Protecting Women & Girls in Crisis

Sir Peter Westmacott | Posted 23.01.2014 | UK
Sir Peter Westmacott

Worldwide, one in five women will become a victim of rape or attempted rape in their lifetime. Women and girls are even more at risk in crisis situations, particularly flood, famine, and conflict.

What Happens When Women and Girls Seek Help in Emergencies? The Awful Truth About Violence

Geeta Bandi-Phillips | Posted 23.01.2014 | UK
Geeta Bandi-Phillips

When people seek help in emergencies, we like to think that they will receive that help. But the awful truth is that for too many women and girls, what they are met with is violence - and then silence. Finally the world is starting to talk about it. And there is the hope.

One Chapter of War in DRC May Be Over, But What Now for Peace?

Maria Lange | Posted 23.01.2014 | UK Politics
Maria Lange

In the longer term, peace in DRC also requires its government to undertake effectively and in good faith its commitments under this framework, including key structural governance and security sector reforms, and create the conditions for the national oversight mechanism to function effectively...

'Poppygate' and Students' Unions

Aisling Gallagher | Posted 23.01.2014 | UK Universities & Education
Aisling Gallagher

Like it or not, poppies no longer represent what they initially were created for. Every year we have remembrance services where those in power in the state talk about our military and giving thanks to their courage, whilst handily forgetting that when current soldiers often come back from tours of Afghanistan, it's up to charities to mend what's been broken.

A City Surrounded by Conflict Struggles to Cope Under Weight of Displacement

Mougabe Koslengar | Posted 24.10.2013 | UK
Mougabe Koslengar

In contrast to the rural areas, the parts of the city I saw looked normal, with no damage to buildings. People moved around and there was a bustling market like in any city. The city's infrastructure is creaking, however, due to the huge influx of displaced families.

Does 'Pure Evil' Exist? Psychologists Investigate the Devils (and Angels) Amongst Us

Dr Raj Persaud | Posted 23.01.2014 | UK
Dr Raj Persaud

If you believe in 'Pure Evil' you are more likely to react aggressively to wrong-doing, while if you deem 'Pure Good' exists, you're more optimistic about human nature, and believe that the bad can change, supporting programmes that see the better side of people.

Iraq: Politics and Science in Post-Conflict Health Research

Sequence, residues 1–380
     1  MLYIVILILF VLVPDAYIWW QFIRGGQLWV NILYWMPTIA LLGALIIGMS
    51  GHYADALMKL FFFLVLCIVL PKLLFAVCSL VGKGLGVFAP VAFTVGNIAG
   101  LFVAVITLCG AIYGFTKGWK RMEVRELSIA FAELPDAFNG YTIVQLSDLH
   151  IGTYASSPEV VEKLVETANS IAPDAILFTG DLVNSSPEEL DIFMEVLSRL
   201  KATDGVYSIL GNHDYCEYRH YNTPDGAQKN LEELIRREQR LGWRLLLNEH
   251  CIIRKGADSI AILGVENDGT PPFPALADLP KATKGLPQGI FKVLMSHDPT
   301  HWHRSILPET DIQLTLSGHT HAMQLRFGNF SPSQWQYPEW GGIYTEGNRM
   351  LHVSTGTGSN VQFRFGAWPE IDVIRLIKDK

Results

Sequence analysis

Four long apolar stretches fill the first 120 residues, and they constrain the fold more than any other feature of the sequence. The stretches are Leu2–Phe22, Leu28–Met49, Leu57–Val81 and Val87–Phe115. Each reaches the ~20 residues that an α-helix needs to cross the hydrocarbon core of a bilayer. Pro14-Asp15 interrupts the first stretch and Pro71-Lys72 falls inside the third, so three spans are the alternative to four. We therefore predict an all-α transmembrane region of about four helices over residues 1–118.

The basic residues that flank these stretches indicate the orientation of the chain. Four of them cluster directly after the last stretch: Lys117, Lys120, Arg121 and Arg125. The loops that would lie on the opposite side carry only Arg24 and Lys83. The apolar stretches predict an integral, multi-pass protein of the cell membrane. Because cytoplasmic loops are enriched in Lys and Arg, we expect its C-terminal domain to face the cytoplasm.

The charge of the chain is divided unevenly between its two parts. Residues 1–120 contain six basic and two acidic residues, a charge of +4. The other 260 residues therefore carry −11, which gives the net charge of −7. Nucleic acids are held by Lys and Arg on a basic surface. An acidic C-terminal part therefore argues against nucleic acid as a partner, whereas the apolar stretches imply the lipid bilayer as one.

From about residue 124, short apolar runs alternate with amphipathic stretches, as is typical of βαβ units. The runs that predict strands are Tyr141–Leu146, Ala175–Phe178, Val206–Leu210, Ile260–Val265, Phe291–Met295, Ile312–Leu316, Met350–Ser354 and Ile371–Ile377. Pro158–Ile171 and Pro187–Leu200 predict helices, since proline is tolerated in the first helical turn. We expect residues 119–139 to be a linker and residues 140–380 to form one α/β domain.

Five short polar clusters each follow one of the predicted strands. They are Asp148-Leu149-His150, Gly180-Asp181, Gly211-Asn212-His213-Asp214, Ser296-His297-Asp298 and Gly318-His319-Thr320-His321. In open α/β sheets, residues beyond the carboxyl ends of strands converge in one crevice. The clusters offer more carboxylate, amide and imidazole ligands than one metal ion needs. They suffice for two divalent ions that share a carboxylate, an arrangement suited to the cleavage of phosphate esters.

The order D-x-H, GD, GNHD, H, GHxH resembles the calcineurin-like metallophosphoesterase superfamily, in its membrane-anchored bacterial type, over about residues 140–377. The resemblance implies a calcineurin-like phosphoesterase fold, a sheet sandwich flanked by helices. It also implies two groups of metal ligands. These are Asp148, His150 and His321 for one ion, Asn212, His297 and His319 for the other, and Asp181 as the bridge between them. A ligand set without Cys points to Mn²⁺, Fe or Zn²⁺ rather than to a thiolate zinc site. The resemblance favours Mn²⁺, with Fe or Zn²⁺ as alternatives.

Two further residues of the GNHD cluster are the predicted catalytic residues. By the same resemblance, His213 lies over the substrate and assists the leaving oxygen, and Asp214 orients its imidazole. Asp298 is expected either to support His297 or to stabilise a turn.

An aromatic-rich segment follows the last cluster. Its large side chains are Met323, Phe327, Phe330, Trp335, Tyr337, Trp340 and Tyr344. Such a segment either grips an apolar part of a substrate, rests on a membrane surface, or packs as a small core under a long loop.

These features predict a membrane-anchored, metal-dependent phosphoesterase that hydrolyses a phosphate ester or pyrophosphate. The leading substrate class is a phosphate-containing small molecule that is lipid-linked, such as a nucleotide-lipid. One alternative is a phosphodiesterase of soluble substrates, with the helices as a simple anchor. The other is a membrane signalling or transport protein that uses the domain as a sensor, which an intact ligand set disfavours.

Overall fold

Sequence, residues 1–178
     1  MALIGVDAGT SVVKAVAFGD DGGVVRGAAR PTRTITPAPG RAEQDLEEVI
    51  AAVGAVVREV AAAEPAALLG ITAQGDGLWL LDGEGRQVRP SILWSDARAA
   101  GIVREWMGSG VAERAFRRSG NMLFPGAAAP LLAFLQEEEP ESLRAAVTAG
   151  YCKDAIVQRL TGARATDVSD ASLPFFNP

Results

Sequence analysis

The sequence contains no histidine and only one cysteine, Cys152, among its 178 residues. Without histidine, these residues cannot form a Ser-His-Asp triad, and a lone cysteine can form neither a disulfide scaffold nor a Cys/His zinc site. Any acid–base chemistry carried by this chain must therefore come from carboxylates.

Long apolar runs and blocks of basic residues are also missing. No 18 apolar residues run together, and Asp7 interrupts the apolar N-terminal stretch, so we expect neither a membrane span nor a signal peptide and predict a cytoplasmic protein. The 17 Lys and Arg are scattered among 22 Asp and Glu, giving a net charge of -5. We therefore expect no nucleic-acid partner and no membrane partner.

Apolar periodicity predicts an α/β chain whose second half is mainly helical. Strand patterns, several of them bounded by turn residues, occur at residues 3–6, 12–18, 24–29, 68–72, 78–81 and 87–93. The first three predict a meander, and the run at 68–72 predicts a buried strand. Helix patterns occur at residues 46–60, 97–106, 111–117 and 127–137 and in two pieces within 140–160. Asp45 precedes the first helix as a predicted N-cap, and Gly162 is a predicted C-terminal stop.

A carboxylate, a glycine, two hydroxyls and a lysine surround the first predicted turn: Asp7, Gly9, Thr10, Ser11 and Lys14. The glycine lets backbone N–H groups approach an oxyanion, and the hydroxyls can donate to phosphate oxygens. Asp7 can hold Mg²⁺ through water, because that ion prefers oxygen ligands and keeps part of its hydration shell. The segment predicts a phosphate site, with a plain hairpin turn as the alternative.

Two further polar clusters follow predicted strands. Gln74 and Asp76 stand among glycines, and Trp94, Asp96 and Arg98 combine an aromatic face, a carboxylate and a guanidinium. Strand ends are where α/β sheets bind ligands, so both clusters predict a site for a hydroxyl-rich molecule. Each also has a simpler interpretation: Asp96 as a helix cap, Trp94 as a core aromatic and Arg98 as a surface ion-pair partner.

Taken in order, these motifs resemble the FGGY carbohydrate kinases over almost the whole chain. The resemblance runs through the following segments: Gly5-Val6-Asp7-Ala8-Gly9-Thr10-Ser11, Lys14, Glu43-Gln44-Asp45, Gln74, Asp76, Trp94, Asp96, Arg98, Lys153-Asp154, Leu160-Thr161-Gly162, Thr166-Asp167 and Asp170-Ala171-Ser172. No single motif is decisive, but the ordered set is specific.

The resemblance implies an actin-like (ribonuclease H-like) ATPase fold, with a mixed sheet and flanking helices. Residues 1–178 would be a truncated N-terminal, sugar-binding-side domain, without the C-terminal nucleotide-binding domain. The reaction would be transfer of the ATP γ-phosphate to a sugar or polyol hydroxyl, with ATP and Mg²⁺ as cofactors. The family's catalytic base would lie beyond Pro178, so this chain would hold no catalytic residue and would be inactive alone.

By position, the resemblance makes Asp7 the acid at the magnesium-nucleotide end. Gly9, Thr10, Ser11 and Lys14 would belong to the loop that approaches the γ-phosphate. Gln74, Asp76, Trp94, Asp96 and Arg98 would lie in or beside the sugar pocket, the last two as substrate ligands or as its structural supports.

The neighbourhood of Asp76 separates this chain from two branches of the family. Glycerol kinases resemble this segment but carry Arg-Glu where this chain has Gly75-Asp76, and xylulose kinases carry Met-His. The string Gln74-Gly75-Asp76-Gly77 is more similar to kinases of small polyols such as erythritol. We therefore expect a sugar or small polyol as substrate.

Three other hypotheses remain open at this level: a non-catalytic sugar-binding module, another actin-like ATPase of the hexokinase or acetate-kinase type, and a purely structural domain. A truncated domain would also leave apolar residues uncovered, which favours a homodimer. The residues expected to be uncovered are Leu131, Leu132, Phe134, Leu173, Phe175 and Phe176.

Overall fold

Neel Mani | Posted 23.01.2014 | UK
Neel Mani

During my time as the director of the World Health Organisation's (WHO) programme in Iraq between 2001 and 2003, the WHO, together with other agencies...

Change Takes Time - It Is Not an Event, it Is a Process

One Young World | Posted 23.01.2014 | UK
One Young World

The issues raised during Kofi Annan Dialogues Special Session ranged from the security in Nigeria and El Salvador and the on-going crises in Syria and Lybia to answers on how to close the gap between young citizens and global leaders...

Why Do People Donate to Natural Disasters and Not to Wars?

Resham Khiani | Posted 06.11.2013 | UK
Resham Khiani

You're watching TV and a fundraising appeal for Syria comes on. There are shocking images and no one can deny the serious needs of the men, women and children on the screen. But you don't reach for your debit card at the end. Something in you has not been moved quite as much as when you saw such an appeal for the tsunami victims in 2004.

A Border That Breaks: Jordan as the Alternative Homeland

Nikita Malik | Posted 05.11.2013 | UK Universities & Education
Nikita Malik

Earlier this week, the United Nations declared Syria's refugee crisis the 'humanitarian calamity' of the century. Every day, roughly 5,000 refugees flee Syria with little more than the clothes on their backs. The number of Syrians who have left their war-ravaged country has risen to more than two million. A year ago, that number was 230,671.

Climate Changes Fuel Civil Strife And Global Conflict

PA | Posted 01.08.2013 | UK

Climate change has fanned the flames of global conflict throughout human history, according to new research. The study shows a similar pattern all ...

Deal or No Deal: Why Cyprus Remains Divided

Charles Trew | Posted 25.09.2013 | UK Politics
Charles Trew

For more than 50 years, the island has been unsettled: with periods of violence in the past, there is a now a kind of 'frozen conflict'. The two main communities on the island live apart and a wall separates Greek Cypriots in the south from Turkish Cypriots in the north. Nicosia remains the only divided capital in the world since the fall of the Berlin Wall.

Natural Riches, the Risk of Conflict - And What to do About It

Dan Smith OBE | Posted 26.08.2013 | UK
Dan Smith OBE

For a developing country facing high poverty levels, a growing population with high expectations despite a poor revenue base and weak institutions, bu...